Monday, March 23, 2009

Premiere of the NEW feature length version of "Returned" at Emory's Human Rights Week 2009

On Tuesday March 31st at 7PM we are premiering the new hour long version of "RETURNED: Child Soldiers of Nepal’s Maoist Army". If you are in Atlanta please come to the screening and stay for the short panel discussion with Filmmakers Robert Koenig and Brandon Kohrt afterwards.

Date: Tuesday, March 31, 2009
Time: 7:00pm - 9:00pm
Location: Harland Cinema on Emory's Campus
Street: 605 Asbury Circle, Atlanta, GA 30322 (in the Dobbs University Center)
Phone: 4047274609

The following is more information on the week's events:


Members of the Emory University community and the greater Atlanta community will celebrate Human Rights Week March 30-April 3. Organized by the student group Human Rights Action, the week’s theme is entitled "Fulfilling the Full Spectrum of Human Rights: Economic, Social, and Cultural Rights Today,” which seeks to address rights beyond the traditional U.S. conception of political and civil rights. The dates of the week have been selected to commemorate Cesar Chavez Day as well as the 41st anniversary of the assassination of Dr. Martin Luther King Jr.

Human Rights Week 2009 will feature films and panel discussions on various issues, including: women’s rights and sexual violence, the right to health, children’s rights, and labor rights during the economic recession.

The week will conclude with the Human Rights Festival at Asbury Circle from 12pm-2pm on Friday, April 3rd. which will feature a global market with fair-trade crafts, world music and other cultural performances, and a human rights organizational fair featuring Atlanta area organizations working on local and international human rights issues.

All events are free and open to the public. For more information, visit or call 404-727-4609.

Tuesday, March 3, 2009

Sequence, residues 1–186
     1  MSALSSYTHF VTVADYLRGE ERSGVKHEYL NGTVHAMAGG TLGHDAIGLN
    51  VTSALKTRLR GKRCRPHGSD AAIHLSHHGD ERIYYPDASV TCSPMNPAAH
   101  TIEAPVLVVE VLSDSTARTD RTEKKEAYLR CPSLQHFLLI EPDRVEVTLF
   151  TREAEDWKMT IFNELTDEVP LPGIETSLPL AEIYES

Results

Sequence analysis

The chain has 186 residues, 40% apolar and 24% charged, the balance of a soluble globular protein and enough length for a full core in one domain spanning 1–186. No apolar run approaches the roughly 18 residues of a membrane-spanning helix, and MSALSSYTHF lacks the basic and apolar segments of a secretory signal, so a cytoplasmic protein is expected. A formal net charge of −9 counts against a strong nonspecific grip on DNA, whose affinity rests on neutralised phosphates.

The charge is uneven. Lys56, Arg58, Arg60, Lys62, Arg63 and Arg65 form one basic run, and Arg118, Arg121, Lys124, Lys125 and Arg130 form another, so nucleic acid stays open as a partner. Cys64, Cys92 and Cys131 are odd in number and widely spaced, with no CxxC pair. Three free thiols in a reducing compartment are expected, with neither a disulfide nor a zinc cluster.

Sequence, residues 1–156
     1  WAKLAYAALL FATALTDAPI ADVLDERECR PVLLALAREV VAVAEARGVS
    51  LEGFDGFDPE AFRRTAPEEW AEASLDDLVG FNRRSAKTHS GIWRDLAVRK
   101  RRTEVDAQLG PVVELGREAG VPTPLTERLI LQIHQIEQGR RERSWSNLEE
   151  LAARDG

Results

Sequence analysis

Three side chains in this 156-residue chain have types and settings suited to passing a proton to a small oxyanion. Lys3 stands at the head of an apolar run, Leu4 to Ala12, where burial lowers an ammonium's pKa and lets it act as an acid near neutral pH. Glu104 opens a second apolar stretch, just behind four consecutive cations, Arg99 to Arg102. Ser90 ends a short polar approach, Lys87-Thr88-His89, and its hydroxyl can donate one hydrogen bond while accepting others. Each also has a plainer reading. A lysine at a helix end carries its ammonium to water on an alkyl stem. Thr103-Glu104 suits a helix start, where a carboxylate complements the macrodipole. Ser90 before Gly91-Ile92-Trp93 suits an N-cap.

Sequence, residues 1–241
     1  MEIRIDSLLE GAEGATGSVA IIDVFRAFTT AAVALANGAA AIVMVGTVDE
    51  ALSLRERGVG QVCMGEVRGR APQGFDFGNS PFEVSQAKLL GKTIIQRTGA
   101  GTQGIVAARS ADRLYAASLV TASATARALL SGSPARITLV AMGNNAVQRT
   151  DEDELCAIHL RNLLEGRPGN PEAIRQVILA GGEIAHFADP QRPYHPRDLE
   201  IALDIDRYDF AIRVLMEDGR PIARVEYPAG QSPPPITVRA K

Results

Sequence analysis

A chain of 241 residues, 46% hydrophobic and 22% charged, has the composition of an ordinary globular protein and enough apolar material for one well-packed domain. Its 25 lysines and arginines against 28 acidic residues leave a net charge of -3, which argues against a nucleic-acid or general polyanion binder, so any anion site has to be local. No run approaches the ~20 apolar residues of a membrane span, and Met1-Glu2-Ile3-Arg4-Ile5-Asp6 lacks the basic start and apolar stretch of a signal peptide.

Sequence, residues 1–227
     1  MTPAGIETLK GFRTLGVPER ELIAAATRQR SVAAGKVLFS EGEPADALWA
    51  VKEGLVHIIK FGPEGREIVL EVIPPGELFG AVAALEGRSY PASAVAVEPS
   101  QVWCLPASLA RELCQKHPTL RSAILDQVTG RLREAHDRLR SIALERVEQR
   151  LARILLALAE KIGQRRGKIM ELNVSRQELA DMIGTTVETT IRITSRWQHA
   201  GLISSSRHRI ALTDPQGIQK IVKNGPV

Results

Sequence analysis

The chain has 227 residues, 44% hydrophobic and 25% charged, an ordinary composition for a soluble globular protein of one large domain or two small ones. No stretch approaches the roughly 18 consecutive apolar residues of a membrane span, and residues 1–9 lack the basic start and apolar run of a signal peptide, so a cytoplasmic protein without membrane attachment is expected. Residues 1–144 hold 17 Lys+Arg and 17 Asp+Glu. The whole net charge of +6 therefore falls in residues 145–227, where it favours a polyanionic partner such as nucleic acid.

Himals in Holland

The Sixth Himalayan Film Festival at the Free University (VU) of Amsterdam on 14-15 February screened 50 films about the Himalaya to 2,200 visitors. The films went on non-stop from 9.30 AM to nearly midnight through the weekend with discussions and even a Himalayan arts and crafts fair.

Glenn Krishna Mitrasing, medical doctor by day and festival organiser by night, says audience numbers continue to rise every year with better advertising and publicity. "The festival has now become an established yearly cultural event known across the Netherlands," he says.

Nepal and Nepali films were particularly well represented this year. From feature presentations such as Kagbeni (Dahal) to contemporary politics addressed by Sari Soldiers (Bridgham), Returned: Child Soldiers of Nepal's Maoist Army (Koenig) and Living Goddess (Whitaker); documentaries and social commentaries such as Malaamee (Thapa), Chhau (Khadka), Children of God (Yi Seung-jun) and Yuddha Chitra (BK and Tseten); through to travelogues, mountains and music such as Return to Nepal (Lang), Daughters of Everest (Sakya and Limbu) and Musicians Call (Bajracharya), the range of genres and locations were impressively diverse.

Neasa Ni Chianain's Fairytale of Kathmandu is a nuanced and penetrating film about honesty and the abuse of power, raising uncomfortable questions which provoked much discussion. The five-episode series for BBC Four entitled A Year in Tibet was another festival highlight, since writer and producer Peter Firstbrook was present to introduce his films and answer questions. Lectures by Pema Wangchuk Dorjee, editor of Sikkim's leading English-language daily Now!, and John Sanday, conservation architect, on their recent research and ongoing work were also well attended and lively.

It's no small achievement that in the few years since 2003, when Mitrasing launched the first Himalayan film festival, the event has done so well. Hundreds of Dutch film goers pay ?10 a session to watch films about the Himalaya, and the festival has already been to Tokyo and may travel to other European countries in the future. Taking the festival on tour would be an excellent next move, as it would ensure further exposure for the film makers and their creations. The large communities of Himalayan heritage residents in the UK and Germany make these countries in particular natural settings for future screenings.

The appetite for Nepal-related events seems to be insatiable in the Netherlands: Nepal Samaj Nederland (NSN), an association established by Nepalis in Holland, organised a one day Nepali film show and public discussion about immigration in Amsterdam a few days after the festival on 21 February.

Mark Turin in Amsterdam

Source: Nepali Times